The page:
A Few Words About My Journey
Born in Colonia Claudia Ara Agrippinensium, or as the locals call it, “Kölle”, a city with deep Roman roots, I spent my early years there. I cherished the unique blend of historic landmarks, like the Cologne Cathedral, and the bustling city life. But when I was ten, my family moved to the Oberbergische Land - a calmer, nature-rich setting where I stayed until my A-levels.
Before choosing to unravel the mysteries of the universe with a Physics degree, I toyed with the idea of studying aviation. But why aim for the skies when you can gaze at stars billions of miles away?
And where better to study the stars than in Heidelberg? But thanks to a ticket from Deutsche Bahn and a scholarship from the Max Planck Society, I found myself at the Max Planck Institute for Astronomy, where I contributed to projects for the Very Large Telescope. How smashing is that?
After five years, I swapped my telescope for the 9-to-5 grind and became a software engineer. Sounds a bit mundane, but someone had to make sure those online adverts find their way to you lot. And if that wasn’t enough, I even trained teachers to impart their knowledge over webcams. Who would’ve thought it’d work out so well?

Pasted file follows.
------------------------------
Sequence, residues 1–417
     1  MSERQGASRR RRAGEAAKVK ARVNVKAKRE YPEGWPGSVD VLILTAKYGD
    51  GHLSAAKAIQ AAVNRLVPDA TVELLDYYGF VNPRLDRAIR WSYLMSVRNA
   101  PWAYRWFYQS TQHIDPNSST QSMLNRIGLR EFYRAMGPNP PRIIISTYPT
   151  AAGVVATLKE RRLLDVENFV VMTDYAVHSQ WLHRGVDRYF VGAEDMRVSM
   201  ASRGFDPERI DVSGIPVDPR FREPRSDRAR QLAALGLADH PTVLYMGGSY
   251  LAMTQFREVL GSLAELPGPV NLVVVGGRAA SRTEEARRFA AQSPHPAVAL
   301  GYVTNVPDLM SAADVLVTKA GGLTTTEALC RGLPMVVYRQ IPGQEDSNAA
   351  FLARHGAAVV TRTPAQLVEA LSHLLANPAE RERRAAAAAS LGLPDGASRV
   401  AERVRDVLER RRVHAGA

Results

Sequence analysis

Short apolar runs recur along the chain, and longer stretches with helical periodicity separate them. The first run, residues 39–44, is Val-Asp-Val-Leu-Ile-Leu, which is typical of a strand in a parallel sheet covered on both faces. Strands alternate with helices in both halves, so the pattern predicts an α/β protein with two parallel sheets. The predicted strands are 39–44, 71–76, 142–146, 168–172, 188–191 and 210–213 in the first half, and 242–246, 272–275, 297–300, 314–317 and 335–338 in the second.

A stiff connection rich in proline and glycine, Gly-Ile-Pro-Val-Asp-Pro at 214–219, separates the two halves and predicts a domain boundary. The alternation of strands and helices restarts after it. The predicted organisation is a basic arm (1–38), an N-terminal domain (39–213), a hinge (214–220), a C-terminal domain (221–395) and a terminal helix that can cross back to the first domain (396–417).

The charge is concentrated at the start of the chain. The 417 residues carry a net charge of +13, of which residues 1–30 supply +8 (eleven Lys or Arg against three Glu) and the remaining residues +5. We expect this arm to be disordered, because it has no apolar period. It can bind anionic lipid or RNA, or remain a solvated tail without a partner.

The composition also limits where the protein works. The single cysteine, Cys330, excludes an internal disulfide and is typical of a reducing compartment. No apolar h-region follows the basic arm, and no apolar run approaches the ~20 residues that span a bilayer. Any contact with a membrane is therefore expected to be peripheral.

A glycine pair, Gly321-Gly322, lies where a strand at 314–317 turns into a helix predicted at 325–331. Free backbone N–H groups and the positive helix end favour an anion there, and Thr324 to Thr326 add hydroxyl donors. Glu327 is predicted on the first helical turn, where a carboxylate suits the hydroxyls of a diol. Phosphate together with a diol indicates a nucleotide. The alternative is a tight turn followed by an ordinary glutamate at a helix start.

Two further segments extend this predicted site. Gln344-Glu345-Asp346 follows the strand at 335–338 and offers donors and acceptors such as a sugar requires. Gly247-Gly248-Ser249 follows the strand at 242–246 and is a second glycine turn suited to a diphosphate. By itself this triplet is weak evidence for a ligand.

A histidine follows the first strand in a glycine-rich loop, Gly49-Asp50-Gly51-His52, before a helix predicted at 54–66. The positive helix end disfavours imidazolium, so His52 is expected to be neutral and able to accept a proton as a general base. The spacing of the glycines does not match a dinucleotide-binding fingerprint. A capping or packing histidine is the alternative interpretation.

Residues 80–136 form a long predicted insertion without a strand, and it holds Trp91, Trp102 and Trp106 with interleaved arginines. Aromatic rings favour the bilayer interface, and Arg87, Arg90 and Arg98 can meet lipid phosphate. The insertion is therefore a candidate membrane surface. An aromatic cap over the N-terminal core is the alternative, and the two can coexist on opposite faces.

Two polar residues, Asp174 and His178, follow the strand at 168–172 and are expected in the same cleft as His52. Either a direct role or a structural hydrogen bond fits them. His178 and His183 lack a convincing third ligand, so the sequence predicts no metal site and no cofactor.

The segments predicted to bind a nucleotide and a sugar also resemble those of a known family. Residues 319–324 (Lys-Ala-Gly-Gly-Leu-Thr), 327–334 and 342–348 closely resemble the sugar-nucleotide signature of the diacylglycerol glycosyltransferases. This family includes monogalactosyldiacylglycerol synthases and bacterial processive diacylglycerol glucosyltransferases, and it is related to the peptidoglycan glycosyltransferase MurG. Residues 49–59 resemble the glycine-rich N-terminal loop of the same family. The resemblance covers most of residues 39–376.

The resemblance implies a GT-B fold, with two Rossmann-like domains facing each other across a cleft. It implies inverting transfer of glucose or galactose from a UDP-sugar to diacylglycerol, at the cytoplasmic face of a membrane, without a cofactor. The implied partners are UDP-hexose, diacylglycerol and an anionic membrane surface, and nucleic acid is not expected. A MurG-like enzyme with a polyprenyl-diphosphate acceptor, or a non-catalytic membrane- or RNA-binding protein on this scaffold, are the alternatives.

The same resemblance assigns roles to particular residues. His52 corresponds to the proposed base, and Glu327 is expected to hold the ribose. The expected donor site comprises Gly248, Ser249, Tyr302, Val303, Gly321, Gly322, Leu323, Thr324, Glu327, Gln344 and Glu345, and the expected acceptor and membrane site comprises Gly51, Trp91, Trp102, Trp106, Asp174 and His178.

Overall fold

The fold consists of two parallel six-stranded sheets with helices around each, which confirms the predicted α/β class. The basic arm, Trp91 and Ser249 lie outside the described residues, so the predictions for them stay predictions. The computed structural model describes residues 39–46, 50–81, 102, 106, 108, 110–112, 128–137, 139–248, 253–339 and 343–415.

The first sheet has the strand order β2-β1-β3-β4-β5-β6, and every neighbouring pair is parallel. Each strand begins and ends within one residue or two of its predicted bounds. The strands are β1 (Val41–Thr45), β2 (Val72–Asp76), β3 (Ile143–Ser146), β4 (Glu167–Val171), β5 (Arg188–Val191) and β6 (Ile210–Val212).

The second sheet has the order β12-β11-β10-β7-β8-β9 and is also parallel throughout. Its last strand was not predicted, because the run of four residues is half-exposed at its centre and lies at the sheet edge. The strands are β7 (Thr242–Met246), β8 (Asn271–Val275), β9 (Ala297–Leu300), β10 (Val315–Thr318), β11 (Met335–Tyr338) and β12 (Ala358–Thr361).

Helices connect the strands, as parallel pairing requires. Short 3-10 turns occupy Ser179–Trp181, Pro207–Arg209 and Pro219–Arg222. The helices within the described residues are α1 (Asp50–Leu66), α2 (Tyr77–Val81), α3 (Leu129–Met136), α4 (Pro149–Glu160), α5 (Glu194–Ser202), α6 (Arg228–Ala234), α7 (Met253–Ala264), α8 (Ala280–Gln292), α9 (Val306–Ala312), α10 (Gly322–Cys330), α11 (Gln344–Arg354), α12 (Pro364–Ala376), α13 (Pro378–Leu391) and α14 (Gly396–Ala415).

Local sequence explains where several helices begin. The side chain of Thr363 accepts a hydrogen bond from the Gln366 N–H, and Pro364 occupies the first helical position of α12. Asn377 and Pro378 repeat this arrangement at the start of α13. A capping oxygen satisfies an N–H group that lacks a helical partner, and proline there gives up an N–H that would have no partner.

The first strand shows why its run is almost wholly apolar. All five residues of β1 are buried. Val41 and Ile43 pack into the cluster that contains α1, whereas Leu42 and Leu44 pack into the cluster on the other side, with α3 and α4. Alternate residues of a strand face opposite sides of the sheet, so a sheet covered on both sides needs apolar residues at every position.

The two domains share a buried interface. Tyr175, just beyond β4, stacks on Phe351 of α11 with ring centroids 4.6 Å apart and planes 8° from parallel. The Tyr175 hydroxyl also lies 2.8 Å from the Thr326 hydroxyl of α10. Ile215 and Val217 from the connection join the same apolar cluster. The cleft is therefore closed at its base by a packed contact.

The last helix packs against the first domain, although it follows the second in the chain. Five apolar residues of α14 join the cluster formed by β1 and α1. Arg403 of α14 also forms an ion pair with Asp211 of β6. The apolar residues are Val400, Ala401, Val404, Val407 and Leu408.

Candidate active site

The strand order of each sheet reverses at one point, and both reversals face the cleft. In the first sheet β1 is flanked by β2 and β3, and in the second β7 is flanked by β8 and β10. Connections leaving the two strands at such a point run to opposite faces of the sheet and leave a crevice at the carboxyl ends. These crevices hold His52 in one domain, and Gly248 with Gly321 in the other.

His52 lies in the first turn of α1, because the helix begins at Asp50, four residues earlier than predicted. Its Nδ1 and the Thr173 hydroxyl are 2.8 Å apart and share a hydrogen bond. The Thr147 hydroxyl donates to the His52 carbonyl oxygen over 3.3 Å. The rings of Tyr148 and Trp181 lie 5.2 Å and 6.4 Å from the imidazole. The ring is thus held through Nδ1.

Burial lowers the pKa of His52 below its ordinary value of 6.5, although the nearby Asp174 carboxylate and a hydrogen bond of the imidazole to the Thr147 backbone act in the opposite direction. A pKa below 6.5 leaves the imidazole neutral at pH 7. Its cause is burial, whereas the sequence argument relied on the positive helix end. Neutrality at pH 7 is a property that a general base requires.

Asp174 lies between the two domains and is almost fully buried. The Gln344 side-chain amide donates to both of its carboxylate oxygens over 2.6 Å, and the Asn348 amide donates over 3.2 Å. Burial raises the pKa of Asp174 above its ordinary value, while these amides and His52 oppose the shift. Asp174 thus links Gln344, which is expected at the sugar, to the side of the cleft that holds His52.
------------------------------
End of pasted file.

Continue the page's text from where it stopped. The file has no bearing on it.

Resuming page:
Back on terra firma, life’s a tad less thrilling, but still quite fulfilling. My wife, Susanne, and I have created our very own universe. She’s a power woman from the North, who never ceases to amaze me daily. We’ve had a delightful journey across various towns before settling down in Weinheim, where we have our own house. And to make matters even more interesting, on Christmas Eve 2000, our son, Paul Jannik, was born. He’s our very own “Big Bang”.
And if all that wasn’t enough, in our spare time, we pretend we’re actors. No, we’re not doing improv in the lounge, but performing in real plays on real stages. And although it’s worlds apart from Physics, it’s quite the roller-coaster ride and brings us closer together.
After a while, I realised I was missing my true passions - namely ensuring satellites don’t plummet from the sky. So, I ended up at EUMETSAT in Darmstadt, where I control Meteosat satellites to keep your weather forecasts bang up-to-date and detect tsunamis in the Indian Ocean in the nick of time. Sounds quite heroic, doesn’t it?
Photography has now got a hold of me - and how! Looking through the viewfinder, it feels like an entirely new dimension. And I thought, why keep all this to myself? So, here you go, welcome to my website. Let’s get cracking, and follow me on my photo safari.
So, that’s me - a loving husband, father, scientist, engineer, occasional actor, and amateur photographer, a tad eccentric but quite chuffed with his life.